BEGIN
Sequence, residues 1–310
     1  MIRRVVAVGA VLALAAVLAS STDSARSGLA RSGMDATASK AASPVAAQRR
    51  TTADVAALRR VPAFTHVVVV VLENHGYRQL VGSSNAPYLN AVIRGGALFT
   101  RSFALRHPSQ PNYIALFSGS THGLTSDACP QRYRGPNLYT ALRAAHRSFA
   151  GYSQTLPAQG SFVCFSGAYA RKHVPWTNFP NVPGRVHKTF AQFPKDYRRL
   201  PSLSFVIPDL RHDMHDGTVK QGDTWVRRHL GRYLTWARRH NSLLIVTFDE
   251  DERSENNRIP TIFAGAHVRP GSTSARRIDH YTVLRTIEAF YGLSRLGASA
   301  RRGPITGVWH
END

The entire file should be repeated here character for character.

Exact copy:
Sequence, residues 1–310
     1  MIRRVVAVGA VLALAAVLAS STDSARSGLA RSGMDATASK AASPVAAQRR
    51  TTADVAALRR VPAFTHVVVV VLENHGYRQL VGSSNAPYLN AVIRGGALFT
   101  RSFALRHPSQ PNYIALFSGS THGLTSDACP QRYRGPNLYT ALRAAHRSFA
   151  GYSQTLPAQG SFVCFSGAYA RKHVPWTNFP NVPGRVHKTF AQFPKDYRRL
   201  PSLSFVIPDL RHDMHDGTVK QGDTWVRRHL GRYLTWARRH NSLLIVTFDE
   251  DERSENNRIP TIFAGAHVRP GSTSARRIDH YTVLRTIEAF YGLSRLGASA
   301  RRGPITGVWH